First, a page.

Corrosion and scale deposits ruin the efficiency of the system. Products of corrosion also contribute to scale deposits. So, even if you don’t have any scale yet, the more corrosion occurs, the more likely the metal pulled out will cause efficiency-robbing deposits. Even scale buildup as small as an eighth of an inch can significantly reduce efficiency.
Scale buildup cyclically contributes to more corrosion. It can trap sodium under the scale, which pits the inside surface, leading to further damage inside the boiler and its tubing.
Corrosion that eats through metal also reduces system efficiency. Holes in the metal cause leaks that can cause severe operational problems and shut down the boiler, either to repair the damage or unexpectedly cause the failure of the system.
2. Shorter System Lifespan
Failing to control corrosion shortens the lifespan of the entire system. Corrosion will worsen with time, especially if water chemistry does not receive attention. The loss of efficiency you experience will only continue to degrade until the system shuts down.
For example, corrosion caused by iron or copper oxides from condensate can reduce water circulation, which may lead to tube starvation. This event can severely damage tubes and other parts of the boiler system. The more parts of a boiler need replacing, the more a replacement system makes financial sense. Such a purchase, though, will cut into your facility’s bottom line more than preventing corrosion.
3. Higher Costs
Corrosion can lead to excessive costs to repair the system or replace damaged parts. In many cases, pitted tubes or parts require replacing instead of repairs. To fix the damage, you will need to shut down your system, which will reduce your facility’s productivity. The more often you need to make repairs, the less efficient your facility becomes, resulting in lost profits from an inability to operate your boilers at their peak.
Additionally, the downtime cuts into your operations and profits. For instance, over five years, indirect corrosion costs from Pacific Gas and Electric Co. totaled $80 million. Another example that shows the severity of the costs incurred from failing to maintain proper boiler water chemistry is in power outages that could add up to more than $1 million daily.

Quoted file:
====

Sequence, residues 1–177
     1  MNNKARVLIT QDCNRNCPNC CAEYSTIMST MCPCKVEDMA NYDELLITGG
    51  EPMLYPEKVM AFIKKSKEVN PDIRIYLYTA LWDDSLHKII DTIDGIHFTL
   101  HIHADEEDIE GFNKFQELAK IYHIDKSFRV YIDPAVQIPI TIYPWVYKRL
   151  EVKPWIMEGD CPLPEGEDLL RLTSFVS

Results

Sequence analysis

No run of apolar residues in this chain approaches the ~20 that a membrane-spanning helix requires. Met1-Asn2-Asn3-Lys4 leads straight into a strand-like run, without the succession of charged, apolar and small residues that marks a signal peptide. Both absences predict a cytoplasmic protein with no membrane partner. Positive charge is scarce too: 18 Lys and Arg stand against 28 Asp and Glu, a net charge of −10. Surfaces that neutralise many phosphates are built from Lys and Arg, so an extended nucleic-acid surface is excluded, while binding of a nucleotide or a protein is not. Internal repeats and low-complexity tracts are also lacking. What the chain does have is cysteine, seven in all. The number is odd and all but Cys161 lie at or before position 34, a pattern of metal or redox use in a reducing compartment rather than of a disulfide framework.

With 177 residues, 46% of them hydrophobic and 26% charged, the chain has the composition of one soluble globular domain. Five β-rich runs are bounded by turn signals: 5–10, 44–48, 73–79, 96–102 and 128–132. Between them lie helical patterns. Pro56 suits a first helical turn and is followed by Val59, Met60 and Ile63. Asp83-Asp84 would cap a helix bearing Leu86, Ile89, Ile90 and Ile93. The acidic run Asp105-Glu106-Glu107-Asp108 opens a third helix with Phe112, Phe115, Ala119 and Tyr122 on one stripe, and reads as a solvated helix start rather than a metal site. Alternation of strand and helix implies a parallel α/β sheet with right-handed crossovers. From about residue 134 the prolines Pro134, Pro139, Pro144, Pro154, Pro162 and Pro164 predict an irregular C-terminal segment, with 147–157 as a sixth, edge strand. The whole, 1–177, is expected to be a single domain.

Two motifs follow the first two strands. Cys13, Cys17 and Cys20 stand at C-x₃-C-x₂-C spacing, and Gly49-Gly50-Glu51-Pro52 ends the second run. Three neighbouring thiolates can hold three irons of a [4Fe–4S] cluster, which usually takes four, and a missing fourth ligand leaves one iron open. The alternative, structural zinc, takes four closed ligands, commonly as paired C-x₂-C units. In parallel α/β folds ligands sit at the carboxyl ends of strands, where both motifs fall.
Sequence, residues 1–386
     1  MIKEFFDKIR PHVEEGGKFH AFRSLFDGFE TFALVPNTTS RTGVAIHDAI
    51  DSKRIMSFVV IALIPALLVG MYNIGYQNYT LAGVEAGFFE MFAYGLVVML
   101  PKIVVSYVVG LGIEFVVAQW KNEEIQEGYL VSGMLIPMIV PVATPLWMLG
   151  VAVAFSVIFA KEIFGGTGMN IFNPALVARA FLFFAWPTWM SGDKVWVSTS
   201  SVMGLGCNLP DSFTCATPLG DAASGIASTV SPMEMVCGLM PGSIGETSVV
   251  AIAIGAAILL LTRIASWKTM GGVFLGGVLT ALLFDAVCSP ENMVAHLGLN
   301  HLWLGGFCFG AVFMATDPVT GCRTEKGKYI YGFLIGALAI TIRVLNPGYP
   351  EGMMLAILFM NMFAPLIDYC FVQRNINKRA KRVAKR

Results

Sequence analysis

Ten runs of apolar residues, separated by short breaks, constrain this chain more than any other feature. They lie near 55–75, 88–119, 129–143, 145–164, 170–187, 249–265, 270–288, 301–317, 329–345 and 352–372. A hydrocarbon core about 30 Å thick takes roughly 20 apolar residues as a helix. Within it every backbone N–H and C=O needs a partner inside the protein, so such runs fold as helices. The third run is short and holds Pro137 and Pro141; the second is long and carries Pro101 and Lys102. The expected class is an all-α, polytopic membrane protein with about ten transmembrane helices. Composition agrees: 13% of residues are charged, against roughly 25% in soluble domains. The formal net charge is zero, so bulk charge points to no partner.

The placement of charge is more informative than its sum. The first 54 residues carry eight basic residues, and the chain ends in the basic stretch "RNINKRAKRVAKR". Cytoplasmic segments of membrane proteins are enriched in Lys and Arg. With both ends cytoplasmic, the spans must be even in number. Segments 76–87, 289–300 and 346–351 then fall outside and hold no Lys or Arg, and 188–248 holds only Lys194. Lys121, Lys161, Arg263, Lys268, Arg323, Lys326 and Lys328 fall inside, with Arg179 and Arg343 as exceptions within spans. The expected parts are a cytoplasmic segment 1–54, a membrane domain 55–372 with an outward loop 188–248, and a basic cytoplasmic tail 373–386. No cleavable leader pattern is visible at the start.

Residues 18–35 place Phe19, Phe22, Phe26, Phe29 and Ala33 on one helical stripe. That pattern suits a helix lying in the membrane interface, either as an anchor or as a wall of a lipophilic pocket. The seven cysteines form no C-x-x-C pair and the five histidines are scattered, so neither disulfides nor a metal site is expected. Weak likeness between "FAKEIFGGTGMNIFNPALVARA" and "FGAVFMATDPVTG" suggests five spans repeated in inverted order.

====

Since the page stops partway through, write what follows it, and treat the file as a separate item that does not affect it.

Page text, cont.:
Lost productivity and repair costs both add up. If you must replace the entire system due to corrosion damage, you will have an even higher price on your negligence.
Holes happen when you keep operating a system that already has severe pitting. The pits will not repair themselves or reverse in their severity. Instead, they worsen as the chemical reaction that caused them to erode continues until the metal has a breech.
Pitting is more than a minor problem. In areas of the boiler that have high levels of oxygen, oxygen reacts with the metal to cause pits in the surface. Left unchecked, these pits continue to deepen until they create holes in the metal. As noted, holes can lead to failure of the system.
Pitting that occurs under scale is called “under-deposit corrosion.” This type of corrosion, coupled with the scale, produces severe damage to the system. At a plant with deposit rates of 7.8 g/ft2/yr and 8.9 g/ft2/yr, the deposits caused severe scaling on the surfaces of the tubes. The extra layer increased the temperatures in the area and trapped minerals under the scale. The combined effect of the additional stress and under-deposit corrosion resulted in complete failure of the boiler tube when it cracked through. Had the facility kept its deposit rates below 1 to 2 g/ft2/yr, it would not have experienced such severe damage.
How to Prevent Boiler Corrosion
As severe as the effects of corrosion are, you can prevent them through proper monitoring and treating the water in the system. Both pH monitoring and adjusting the water feed are vital components of a corrosion prevention program. These both keep acid and dissolved gases from causing damage to the metal components of the boiler and its tubing.
1. Monitor the System
Monitoring the acid-base balance of the water is an essential step to keeping acidity from damaging the boiler. Even with precise adjustments of the feed water, you may still have contaminants in the boiler itself. As you boil the water off, the contaminants remain behind, concentrating over time, where they can cause scale deposits and corrosion. Monitoring the pH will help you determine when to blowdown the system to remove some of the contaminated water and reduce the effects of those products.